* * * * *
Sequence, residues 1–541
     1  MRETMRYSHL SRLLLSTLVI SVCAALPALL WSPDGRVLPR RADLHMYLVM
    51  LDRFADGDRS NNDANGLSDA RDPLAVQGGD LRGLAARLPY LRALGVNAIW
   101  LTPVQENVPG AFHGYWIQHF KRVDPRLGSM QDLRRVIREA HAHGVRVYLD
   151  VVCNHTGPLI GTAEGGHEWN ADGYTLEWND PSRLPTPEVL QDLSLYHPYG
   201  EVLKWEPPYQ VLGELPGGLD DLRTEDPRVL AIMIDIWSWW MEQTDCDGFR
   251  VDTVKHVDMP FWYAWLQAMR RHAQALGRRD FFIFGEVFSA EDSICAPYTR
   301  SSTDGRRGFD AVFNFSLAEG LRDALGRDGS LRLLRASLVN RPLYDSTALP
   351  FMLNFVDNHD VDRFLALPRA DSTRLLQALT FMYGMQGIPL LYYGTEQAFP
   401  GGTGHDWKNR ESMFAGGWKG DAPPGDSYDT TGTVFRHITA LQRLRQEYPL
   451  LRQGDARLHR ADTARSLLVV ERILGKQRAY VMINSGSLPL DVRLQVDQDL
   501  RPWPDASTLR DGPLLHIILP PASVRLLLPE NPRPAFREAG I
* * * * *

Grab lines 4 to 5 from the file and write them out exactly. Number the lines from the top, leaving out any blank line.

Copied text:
   101  LTPVQENVPG AFHGYWIQHF KRVDPRLGSM QDLRRVIREA HAHGVRVYLD
   151  VVCNHTGPLI GTAEGGHEWN ADGYTLEWND PSRLPTPEVL QDLSLYHPYG